OBJECTS OF THE INVENTION It is therefore an object of this invention to provide a means for automatically moving a vehicle forward for short distances by application of energy from a stored energy source, without use of the vehicle engine.

It is a further object of the invention to reduce the operating time of automotive engines when the vehicle is at a standstill or is in slow moving traffic.

It is a further object of the invention to provide a method and means for smoothly restarting the engine when it is necessary to travel longer distances or at higher rates of acceleration than is available from the stored energy source.

It is a yet further object of this invention to provide a method and means for automatically selecting the mode of providing the auxilliary power to a vehicle drive train by sensing the speed of the vehicle.

Another object of the invention is to provide a control means and method for determining the optimum mode of operation of a vehicle and of effecting operation in said mode. These and other objects of the invention will be evident from the following description of the invention.

SUMMARY OF THE INVENTION:

These objects of the invention are accomplished by providing a vehicle power system which consists of a primary source of power for driving a vehicle and means for withdrawing surplus power from this primary source during the operation of the vehcile and storing said surplus power in a flywheel operatively connected to the drive train of the vehicle at selected times, preferably under those operating conditions when the prime motive force of the vehicle does not operate efficiently, such as in stop-and-go traffic. Control means are provided to permit automatic sensing of vehicle motions and to selectively connect the stored energy source or flywheel to the vehicle drive train to cause movement of the vehicle, while interrupting'operation of the primary source of power, such as the vehicle engine. Additional control means are employed to sense the amount of energy stored in the stored energy source or flywheel (i.e., energy reservoir) and to automatically cause recharging of the energy reservoir when the stored energy source falls below a predetermined level. The recharging operation is discontinued upon reaching the optimum operating or the maximum energy level of the reservoir.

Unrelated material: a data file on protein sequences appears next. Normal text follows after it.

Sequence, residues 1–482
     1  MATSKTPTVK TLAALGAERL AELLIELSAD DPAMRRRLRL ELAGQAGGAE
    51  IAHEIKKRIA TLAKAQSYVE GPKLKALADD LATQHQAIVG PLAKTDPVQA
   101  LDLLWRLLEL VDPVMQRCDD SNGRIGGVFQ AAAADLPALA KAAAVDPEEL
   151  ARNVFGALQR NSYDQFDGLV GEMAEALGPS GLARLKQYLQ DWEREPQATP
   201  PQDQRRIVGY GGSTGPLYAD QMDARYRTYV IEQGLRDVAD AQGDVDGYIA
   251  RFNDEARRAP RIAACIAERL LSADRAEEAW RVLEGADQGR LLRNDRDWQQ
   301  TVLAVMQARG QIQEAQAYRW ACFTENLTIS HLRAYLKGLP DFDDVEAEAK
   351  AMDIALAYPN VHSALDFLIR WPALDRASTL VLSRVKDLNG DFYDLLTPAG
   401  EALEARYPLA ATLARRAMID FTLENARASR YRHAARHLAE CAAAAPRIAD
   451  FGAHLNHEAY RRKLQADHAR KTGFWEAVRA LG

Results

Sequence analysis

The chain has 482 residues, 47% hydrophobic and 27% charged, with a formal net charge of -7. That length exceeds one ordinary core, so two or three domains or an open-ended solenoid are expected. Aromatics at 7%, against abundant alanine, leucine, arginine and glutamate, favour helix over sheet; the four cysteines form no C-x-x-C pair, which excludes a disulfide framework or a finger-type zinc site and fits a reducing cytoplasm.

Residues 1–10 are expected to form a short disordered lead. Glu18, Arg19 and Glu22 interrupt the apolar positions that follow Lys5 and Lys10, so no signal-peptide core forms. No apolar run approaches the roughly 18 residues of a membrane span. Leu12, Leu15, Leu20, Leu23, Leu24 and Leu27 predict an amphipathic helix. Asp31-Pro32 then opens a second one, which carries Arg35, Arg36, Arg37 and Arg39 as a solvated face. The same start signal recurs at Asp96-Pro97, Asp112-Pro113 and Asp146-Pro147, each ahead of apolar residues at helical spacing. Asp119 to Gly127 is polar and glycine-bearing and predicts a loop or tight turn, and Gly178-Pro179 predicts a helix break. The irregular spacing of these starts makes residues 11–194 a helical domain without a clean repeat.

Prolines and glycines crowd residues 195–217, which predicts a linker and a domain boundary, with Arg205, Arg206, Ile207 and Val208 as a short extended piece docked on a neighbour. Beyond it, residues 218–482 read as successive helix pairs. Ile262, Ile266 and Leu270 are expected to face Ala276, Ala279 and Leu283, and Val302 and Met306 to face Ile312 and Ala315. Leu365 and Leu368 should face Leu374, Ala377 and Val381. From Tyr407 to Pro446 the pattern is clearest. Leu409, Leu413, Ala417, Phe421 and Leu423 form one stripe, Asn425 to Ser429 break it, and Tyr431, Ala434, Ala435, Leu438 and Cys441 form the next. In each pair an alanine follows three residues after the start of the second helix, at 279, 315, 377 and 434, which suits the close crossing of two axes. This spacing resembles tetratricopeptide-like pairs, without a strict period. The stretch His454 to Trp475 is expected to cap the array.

The system is operative in two modes. In the normal mode, the primary power source or vehicle engine is directly connected to the drive train and the auxiliary flywheel (power reservoir) is recharged directly from the primary power source, but does not itself impart any energy to the drive train. At extremely low speeds in high traffic situations, the primary source of power is automatically disconnected and the auxiliary power source is employed to operate the vehicle. Because of these modes of operation, it is possible to:

a. store surplus energy in an energy reservoir;

b. selectively withdraw energy from the reservoir while the primary power source is disconnected from the drive train; and

c. selectively withdraw some of the stored power to aid in restarting the primary power source while it is disconnected from the drive train.

Basically, the system depends upon a rotational energy store, in the form of a flywheel, which is able to provide energy for the intermittent forward motion of the car or the restart of the engine. The energy level of the flywheel is maintained by sensors which call for resupply either from the running engine or from an auxiliary electric motor powered by the vehicles battery.

In operation, a forward motion sensor causes interruption of the ignition circuit and thus stopping of the engine when the vehicle comes practically to a standstill in traffic conditions. A slight pressure on the accelerator pedal causes coupling of the stored energy source directly to the drive train thus providing forward movement without use of the vehicles engine. This would continue until the vehicle was required to stop or the energy in the reservoir was depleted to a given level. In the latter condition, an auxiliary electric motor would be employed to recharge the power reservoir. When continuous forward motion is required, at a speed greater than crawling, the pedal position sensor would enable the coupling of the flywheel to the engine and the closing of the ignition circuit for restart of the primary power source and reversion to the normal driving mode.